Lodahl said that he thinks the timing is more than a coincidence, especially when he thinks about what happened to his friend Dee Kelley.
“It definitely does create a culture of fear, a questioning of, ‘Wow, do I really belong here? Maybe I don’t.’ I already know of some ministers who have sort of made that judgment, their own,” Lodahl said.
Lodahl said that he wrote a letter to the district board when the trial with Kelley unfolded.
“So when it came back that this thing said [to Kelley], you’re out of here, that was all I needed to hear. And essentially, my letter was something to the effect of: ‘If there’s no room for Dee then there’s no room for me,’” Lodahl said.
Lodahl said he felt distressed that Dee Kelley and his family had been put through this situation on what he believes to be insufficient grounds.
“I did say [in the letter], if there’s no room for this guy as a pastor in our denomination, I don’t want to be part of this denomination,” Lodahl said. “Because this guy is an amazing, amazing pastor, spiritual leader. I mean, that’s what he is. And so yeah, I have, I guess you could say I’m in the process of moving on.”
Bailey Pickard, a third-year biochem and philosophy student at PLNU, attends First Church of the Nazarene and has been disappointed by the lack of dialogue regarding the church’s bureaucratic processes and changes. As someone who grew up in the Nazarene church, Pickard began attending First Church of the Nazarene when she came to PLNU. The experience of losing Dee Kelley as the head pastor of her church was unexpected.
“This whole situation was really strange because a lot of it happened over the summer when I was home,” Pickard said. “So that was really isolating, to get news later and to be away from this community that was hurting. When I left [for the summer] he was still our pastor, and then my first week back was our first week without Dee.”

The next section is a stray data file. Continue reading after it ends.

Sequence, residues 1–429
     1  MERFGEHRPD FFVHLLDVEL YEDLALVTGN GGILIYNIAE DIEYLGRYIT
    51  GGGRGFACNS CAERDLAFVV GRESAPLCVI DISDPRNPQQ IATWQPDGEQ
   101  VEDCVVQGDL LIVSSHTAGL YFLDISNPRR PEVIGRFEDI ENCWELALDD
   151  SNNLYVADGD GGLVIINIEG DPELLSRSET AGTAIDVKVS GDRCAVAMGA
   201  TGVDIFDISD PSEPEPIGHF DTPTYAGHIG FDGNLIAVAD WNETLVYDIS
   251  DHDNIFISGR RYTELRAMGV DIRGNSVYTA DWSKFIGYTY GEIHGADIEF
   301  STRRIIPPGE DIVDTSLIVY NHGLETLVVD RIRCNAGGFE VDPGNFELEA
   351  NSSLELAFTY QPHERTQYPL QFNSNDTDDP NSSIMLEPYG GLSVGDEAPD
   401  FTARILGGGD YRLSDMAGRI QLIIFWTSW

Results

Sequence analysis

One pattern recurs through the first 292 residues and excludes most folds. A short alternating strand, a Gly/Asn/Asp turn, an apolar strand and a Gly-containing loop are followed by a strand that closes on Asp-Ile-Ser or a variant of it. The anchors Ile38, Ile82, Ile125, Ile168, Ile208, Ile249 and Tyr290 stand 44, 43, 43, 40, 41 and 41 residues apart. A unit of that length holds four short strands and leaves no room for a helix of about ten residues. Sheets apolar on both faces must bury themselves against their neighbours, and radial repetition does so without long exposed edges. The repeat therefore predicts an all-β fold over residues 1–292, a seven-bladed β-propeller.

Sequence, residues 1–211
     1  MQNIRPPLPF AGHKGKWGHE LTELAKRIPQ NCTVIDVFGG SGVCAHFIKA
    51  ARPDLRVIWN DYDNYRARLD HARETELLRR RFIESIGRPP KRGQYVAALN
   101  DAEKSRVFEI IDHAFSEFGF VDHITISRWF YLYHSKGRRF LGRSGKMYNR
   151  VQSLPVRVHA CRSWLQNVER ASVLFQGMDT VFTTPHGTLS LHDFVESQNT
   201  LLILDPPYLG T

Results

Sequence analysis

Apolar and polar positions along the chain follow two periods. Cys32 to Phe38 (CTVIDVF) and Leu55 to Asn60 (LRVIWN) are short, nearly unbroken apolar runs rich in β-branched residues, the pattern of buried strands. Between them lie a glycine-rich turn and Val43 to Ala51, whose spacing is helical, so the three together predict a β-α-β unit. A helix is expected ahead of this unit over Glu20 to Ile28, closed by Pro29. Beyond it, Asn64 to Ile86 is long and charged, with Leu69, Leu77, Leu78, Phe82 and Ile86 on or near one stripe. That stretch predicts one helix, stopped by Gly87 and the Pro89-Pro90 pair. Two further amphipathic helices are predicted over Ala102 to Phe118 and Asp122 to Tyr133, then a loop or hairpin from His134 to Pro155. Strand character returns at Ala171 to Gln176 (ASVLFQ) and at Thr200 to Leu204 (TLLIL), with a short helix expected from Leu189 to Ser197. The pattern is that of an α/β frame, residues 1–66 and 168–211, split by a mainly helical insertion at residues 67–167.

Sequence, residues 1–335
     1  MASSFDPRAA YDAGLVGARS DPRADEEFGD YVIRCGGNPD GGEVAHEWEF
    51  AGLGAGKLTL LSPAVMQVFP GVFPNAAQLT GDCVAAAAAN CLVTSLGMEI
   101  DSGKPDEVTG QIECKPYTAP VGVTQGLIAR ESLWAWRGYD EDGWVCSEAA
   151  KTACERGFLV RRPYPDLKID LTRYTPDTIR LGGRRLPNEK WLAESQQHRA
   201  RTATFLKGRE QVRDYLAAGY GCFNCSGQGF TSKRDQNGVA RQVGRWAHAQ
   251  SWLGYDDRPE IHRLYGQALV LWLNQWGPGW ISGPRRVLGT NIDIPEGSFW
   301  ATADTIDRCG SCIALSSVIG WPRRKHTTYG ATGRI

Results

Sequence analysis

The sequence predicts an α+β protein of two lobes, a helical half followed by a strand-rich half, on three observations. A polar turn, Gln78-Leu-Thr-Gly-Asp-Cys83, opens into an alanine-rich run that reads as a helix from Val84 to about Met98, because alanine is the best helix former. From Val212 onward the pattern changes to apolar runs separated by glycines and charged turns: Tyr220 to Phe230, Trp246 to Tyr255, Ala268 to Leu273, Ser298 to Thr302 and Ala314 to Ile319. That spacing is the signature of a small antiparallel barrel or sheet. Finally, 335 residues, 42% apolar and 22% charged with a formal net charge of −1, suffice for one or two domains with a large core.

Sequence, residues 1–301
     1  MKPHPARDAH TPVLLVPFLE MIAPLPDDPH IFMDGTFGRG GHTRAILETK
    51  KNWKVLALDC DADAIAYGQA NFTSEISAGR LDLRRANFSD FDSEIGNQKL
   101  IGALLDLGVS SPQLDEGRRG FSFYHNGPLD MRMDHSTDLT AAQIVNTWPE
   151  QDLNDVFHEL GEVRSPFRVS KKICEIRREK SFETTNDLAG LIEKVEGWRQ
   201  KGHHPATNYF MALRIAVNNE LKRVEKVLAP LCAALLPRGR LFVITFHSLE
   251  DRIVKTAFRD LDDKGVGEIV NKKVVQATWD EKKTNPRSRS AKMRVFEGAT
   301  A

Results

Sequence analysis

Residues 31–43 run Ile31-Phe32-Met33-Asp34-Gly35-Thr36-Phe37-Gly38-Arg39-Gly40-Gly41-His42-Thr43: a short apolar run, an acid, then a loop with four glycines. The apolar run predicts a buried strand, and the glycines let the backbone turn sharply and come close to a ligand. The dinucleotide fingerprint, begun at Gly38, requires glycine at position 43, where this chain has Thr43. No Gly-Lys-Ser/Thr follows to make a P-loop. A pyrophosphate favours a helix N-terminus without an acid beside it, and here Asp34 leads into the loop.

Pickard also said that if it weren’t for what happened at First Church of the Nazarene, she might not have been aware of these changes.
“I probably would know a little because I pay attention to Nazarene politics, but this feels like the only context for me that people have really been talking about it,” Pickard said.
Pickard said that while there will never be a situation where everyone agrees or believes the same thing, she still wants to have conversations about these issues.
“I want to be able to talk about these issues as a community but part of the danger of the elevation of these doctrines is that we can’t really talk about it anymore,” Pickard said. “We need to re-analyze our doctrine, and see what we as a community believe. But we can’t do that anymore because the conversations are just getting shut down.”
The Point reached out to three board members of the Southern California District of the Church of the Nazarene, including six emails to Steve Rodeheaver, district secretary and adjunct professor at PLNU, an email to assistant superintendent Wink Davis and four emails to district superintendent Thomas Taylor. The Point did not get a response to any of the emails inquiring about the elevation of the Covenant of Christian Character and Covenant of Christian Conduct.
Dee Kelley had a hearing for his appeal on Nov. 10. Stay tuned with The Point as we continue to reach out to Church of the Nazarene district leadership.